Friday, November 16, 2012

Harriet's Defenders, Part Two

In the first post in this series, we looked at publicity hounds, clueless readers, and "failed Socratic elenchi" who have, whether knowingly or inadvertently, aligned themselves with Harriet Klausner.  Perhaps they're authors who have linked to one of her reviews on their blogs, or people who have stated the (glaringly) obvious (e.g., that Hattie receives advance review copies).

A few years ago, Hattie got some attention in the mainstream media.  None of the pieces involved much in the way of investigation or in-depth analysis; rather, they were "puff pieces" or "human interest" stories.  The phenomenon of online reviewing was somewhat new at the time, and I suppose people were curious about who the most prolific reviewers were.  I thought it would be interesting to take a further look at the authors of these pieces.

Note: there are permanent links to these articles in the right sidebar of this page.

Lev Grossman is a fantasy author and a book reviewer for Time magazine.  By his own admission, he doesn't write negative reviews, and he admits to having written sock puppet reviews on Amazon for his own books.  His praise can be, well, effuse, although it IS much more literate than Hattie's.  Check out some of his reviews here and here.  In the end, though, I just can't trust his opinion.  Not every book deserves a thumbs up, or 4 or 5 stars.  A person who gives everything a high rating comes off as a shill, at worst, or as not being very discriminating, at best.  (Oh wait, was I talking about Hattie or Lev Grossman with that last sentence?)

Other random links discussing/connecting Hattie and Mr. Grossman:
  • Blurbs from both of them are quoted on the Amazon page for this book
  • Here, Hattie reviews Mr. Grossman's book, The Magicians
  • A blog post that analyzes some of the contradictions in Mr. Grossman's profile of HK
  • It's also been discussed that Mr. Grossman didn't ever meet Hattie, he just talked to someone on the phone who claimed to be Hattie; apparently he took a lot of flak for this, but it's been difficult to locate any original sources because the Time profile is several years old
Kendra Mayfield in Wired:  She seems not to be working there anymore.  A search of the site revealed a lot of articles 2000-2002, with another few from 2003 and 2004.  (And one from 1999 about the transition of the GRE to a computer-based test.  Which was old news seven years ago, in 2005, when I took the GRE.)  Then nothing.  It's actually kind of funny scrolling through the titles of her pieces, which are WOEFULLY out of date today, although they might've been cutting-edge a decade ago.  This puts her HK piece in some kind of perspective.

Joanne Kaufman in the Wall Street Journal.  She's got a couple of recent articles there, so presumably there's still an association, although she seems to be interviewing actors these days.  Unfortunately, web searches aren't terribly useful because Kaufman has a fairly common name.  If you're in the know about Hattie, some of her quotes in this piece are incredibly funny.  Like the one about keeping all the books she gets out in a shed.  (I guess it's impolitic to admit to selling them on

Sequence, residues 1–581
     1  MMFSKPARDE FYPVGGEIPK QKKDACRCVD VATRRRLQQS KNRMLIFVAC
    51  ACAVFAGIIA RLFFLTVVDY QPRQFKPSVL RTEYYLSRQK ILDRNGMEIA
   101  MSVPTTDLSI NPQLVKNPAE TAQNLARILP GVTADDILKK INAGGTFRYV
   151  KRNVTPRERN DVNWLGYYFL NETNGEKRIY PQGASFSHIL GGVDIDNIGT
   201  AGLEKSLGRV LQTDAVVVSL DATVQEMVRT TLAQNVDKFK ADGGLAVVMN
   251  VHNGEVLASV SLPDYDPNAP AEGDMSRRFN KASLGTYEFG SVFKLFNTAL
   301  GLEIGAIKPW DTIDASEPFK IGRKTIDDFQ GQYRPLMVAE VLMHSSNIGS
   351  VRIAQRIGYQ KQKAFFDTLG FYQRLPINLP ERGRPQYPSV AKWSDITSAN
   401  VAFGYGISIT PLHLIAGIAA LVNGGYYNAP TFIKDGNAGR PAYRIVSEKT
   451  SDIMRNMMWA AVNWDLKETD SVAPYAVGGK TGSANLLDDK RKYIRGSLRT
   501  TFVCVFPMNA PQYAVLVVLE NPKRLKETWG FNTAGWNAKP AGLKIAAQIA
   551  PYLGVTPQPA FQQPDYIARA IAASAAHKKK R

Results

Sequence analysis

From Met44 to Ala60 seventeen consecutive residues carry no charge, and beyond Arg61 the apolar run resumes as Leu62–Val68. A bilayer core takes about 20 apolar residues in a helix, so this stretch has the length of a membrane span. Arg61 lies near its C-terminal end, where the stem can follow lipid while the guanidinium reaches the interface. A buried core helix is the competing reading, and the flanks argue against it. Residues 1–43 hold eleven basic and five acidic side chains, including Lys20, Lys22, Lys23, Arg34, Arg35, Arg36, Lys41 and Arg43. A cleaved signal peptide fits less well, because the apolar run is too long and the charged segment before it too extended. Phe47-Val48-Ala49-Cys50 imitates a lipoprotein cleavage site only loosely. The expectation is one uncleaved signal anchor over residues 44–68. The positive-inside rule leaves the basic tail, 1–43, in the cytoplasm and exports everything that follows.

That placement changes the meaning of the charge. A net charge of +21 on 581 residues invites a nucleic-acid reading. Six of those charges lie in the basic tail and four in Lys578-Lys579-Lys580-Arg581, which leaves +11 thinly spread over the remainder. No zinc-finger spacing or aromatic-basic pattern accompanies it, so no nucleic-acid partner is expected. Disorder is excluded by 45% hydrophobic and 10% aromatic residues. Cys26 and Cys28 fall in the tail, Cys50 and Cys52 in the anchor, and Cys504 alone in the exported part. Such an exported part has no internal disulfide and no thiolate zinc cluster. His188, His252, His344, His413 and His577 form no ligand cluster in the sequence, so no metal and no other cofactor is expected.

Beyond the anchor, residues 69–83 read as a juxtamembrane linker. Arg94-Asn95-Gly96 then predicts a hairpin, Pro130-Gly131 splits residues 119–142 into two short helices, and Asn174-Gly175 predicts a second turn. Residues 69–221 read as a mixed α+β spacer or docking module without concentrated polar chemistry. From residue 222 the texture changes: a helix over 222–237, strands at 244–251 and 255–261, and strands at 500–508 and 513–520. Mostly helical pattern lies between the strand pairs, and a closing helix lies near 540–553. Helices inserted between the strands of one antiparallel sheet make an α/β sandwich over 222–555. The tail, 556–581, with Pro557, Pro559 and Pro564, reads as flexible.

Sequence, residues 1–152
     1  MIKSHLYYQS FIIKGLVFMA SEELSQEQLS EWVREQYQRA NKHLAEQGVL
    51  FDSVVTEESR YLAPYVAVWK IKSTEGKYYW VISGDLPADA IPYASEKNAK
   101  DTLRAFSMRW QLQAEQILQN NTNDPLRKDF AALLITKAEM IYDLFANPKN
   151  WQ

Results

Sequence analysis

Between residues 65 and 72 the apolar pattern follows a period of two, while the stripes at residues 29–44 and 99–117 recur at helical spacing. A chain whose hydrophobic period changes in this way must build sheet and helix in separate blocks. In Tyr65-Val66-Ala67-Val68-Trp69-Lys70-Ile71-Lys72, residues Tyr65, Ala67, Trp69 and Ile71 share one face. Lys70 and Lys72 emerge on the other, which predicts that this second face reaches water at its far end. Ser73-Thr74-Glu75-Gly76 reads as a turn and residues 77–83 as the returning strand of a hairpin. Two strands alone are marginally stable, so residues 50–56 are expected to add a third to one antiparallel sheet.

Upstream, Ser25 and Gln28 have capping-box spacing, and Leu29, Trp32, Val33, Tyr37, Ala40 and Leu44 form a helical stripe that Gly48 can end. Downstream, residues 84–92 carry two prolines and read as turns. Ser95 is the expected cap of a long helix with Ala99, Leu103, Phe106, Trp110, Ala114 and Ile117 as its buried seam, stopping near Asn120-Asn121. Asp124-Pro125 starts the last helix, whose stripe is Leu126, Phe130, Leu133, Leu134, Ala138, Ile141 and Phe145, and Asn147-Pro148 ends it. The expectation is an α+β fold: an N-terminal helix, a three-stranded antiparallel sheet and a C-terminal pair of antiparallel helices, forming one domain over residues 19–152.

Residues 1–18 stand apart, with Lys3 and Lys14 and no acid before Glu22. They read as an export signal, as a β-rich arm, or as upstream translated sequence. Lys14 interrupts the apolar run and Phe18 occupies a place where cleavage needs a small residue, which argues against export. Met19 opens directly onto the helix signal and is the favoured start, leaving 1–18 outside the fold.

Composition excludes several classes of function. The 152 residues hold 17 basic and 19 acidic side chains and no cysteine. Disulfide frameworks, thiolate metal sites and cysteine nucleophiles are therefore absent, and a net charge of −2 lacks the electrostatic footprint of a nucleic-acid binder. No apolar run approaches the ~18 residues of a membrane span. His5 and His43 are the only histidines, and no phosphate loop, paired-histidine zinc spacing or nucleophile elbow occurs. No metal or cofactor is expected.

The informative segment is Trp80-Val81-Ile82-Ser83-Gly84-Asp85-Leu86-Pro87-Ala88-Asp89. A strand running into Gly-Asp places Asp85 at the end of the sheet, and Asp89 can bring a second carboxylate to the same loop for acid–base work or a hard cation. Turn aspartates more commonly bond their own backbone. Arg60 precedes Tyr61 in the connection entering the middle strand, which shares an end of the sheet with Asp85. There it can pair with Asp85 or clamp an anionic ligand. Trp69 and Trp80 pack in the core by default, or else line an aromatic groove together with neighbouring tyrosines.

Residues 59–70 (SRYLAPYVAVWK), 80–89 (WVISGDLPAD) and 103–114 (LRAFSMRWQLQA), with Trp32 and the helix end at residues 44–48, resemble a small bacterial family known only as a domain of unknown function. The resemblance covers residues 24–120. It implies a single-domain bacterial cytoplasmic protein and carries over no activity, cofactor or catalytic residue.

Next puff piece: Claire Armitstead from The Guardian.  She is now apparently literary editor there.  This piece is less celebratory than most, actually.  Ms. Armitstead seems a bit na├»ve in not doubting HK's integrity, but she comes to as reasonable a conclusion is possible, considering the whole "two books a day" thing:

"Hmmmm. Klausner might tell it like it is, but what exactly is "it": how does she choose which two books a day to review? Who sends them to her? Her recommendations embrace such a huge, shifting ocean of novels that I'm beginning to feel seasick.


I don't doubt Klausner's integrity, and I can even see how such whole-body immersion could create a sharp sense of relative quality within certain generic categories.

But it's not going to help me choose my girlfriend's birthday present. A trip to my local bookshop, to consult someone who only reads one or two books a week, is beginning to look like time well spent."
That being said, Armitstead seems to have done an about-face, as evidenced by the following essay: The future for criticism will be on websites.  No more trips to the bookstore to talk with actual readers, I guess...

What conclusions can we draw from this list?

Well, first of all, I can't get the following image out of my head (it's from Wikipedia and hence in the public domain):

Second, I get the feeling that not a lot of effort was put into any of these pieces.  Maybe a phone call, maybe a little poking around on Amazon.  A little time in front of the computer.  But nothing more.  No investigation, no number crunching, no real exercise of mental acuity.

Third, while there is a place for human interest stories (for example, this one in the New York Times about a dog delivering supplies to hurricane Sandy victims), in the case of Harriet Klausner, I think these sorts of articles actually do a disservice -- they give Hattie legitimacy.  If Time, the Wall Street Journal, and other mainstream publications treat Hattie lightly, and don't mention the other side of the story, it's ultimately the consumers who get duped.

Thankfully, things are beginning to turn around.  Recent coverage of Hattie has been much more critical.  (See examples here and here.)

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